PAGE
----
by Mitch Kokai
Senior Political Analyst, John Locke Foundation
President Joe Biden promised a “fundamental break” with “trickle-down economics” in a speech on Wednesday in which he relied on a number of misleading claims to make his point.
Touting “Bidenomics,” the White House’s name for its economic agenda heading into the 2024 race, Biden floated a plan that would involve spending more taxpayer money and boosting union labor.
But his assessment of how well the economy has performed under his leadership was inaccurate. Most disapprove of the way Biden has handled the economy; only 34% of U.S. adults think Biden has had successful economic policies. …
… “My predecessor enacted the latest iteration of the failed theory. Tax cuts for the wealthy. It wasn’t paid for, and the estimated cost of his tax cut was $2 trillion.”
Former President Donald Trump’s tax cuts did not benefit only the wealthy, and they didn’t cost the government nearly as much as critics claimed.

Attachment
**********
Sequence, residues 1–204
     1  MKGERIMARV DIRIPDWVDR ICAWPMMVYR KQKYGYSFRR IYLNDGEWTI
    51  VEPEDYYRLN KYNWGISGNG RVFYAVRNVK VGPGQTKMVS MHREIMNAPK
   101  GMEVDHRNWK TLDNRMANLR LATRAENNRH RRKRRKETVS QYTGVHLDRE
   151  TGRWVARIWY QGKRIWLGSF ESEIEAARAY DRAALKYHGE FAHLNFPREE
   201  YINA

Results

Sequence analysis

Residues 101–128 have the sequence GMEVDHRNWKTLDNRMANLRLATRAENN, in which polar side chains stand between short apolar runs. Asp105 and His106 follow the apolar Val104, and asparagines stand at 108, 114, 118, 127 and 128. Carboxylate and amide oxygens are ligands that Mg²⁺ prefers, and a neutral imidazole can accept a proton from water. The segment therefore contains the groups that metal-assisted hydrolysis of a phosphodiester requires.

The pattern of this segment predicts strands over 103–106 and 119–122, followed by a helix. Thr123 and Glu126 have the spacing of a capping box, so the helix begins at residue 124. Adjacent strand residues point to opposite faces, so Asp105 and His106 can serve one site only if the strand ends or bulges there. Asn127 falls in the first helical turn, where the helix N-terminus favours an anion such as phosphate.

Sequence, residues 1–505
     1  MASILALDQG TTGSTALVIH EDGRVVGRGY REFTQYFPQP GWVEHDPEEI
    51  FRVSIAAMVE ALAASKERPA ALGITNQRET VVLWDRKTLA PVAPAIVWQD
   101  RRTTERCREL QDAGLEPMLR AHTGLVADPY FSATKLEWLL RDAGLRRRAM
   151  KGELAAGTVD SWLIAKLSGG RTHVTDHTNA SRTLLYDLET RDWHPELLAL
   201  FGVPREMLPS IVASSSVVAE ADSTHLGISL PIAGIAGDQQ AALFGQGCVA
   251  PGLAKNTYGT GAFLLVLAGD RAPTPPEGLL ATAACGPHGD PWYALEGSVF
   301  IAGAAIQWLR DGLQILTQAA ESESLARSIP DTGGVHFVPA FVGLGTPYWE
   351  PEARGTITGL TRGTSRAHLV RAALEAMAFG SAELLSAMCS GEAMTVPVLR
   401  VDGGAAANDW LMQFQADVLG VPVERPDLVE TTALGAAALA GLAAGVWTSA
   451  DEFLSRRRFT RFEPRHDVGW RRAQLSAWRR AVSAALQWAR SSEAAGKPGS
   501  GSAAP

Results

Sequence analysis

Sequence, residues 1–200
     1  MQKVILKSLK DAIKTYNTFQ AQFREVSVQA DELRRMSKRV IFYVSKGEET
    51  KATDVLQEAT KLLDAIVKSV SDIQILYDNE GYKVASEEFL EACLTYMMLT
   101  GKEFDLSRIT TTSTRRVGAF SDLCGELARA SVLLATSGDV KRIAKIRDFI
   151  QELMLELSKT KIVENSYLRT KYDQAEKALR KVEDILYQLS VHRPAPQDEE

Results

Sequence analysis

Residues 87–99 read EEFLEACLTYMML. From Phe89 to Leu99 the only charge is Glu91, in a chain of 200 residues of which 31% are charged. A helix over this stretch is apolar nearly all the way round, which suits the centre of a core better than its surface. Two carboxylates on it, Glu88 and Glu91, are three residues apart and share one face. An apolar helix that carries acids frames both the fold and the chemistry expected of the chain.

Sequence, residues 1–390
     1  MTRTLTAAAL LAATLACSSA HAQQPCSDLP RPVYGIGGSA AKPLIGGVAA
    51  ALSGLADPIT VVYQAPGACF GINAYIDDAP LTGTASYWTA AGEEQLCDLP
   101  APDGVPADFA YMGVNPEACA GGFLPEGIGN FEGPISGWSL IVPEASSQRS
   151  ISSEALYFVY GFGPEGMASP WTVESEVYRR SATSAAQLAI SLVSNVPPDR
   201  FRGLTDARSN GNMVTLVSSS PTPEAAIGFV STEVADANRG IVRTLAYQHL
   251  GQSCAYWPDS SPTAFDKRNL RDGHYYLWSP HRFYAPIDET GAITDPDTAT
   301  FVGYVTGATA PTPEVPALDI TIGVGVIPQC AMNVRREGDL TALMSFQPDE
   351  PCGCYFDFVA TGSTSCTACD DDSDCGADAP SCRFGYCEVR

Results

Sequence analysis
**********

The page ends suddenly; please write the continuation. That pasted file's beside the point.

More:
Last year, the Congressional Budget Office actually said the government is expected to collect more revenue over the next decade than it had projected before the tax cuts were signed into law.
In fiscal 2018, the first year after Trump signed the tax cuts into law, the federal government actually collected slightly more revenue overall than it had the previous year.
Corporate tax revenues exceeded CBO’s projections for 2018, the first year after the Trump tax cuts were in effect, and it blew well past expectations in 2022 after a dip during the pandemic.
The decrease in the corporate tax rate also coincided with a boom in private investment, which economists say led to wage growth and job creation.
And while the tax cuts did offer a benefit to the highest earners, they also helped middle- and low-income people as well. Most taxpayers experienced at least some type of reduction to their tax bill, helping average household incomes to rise.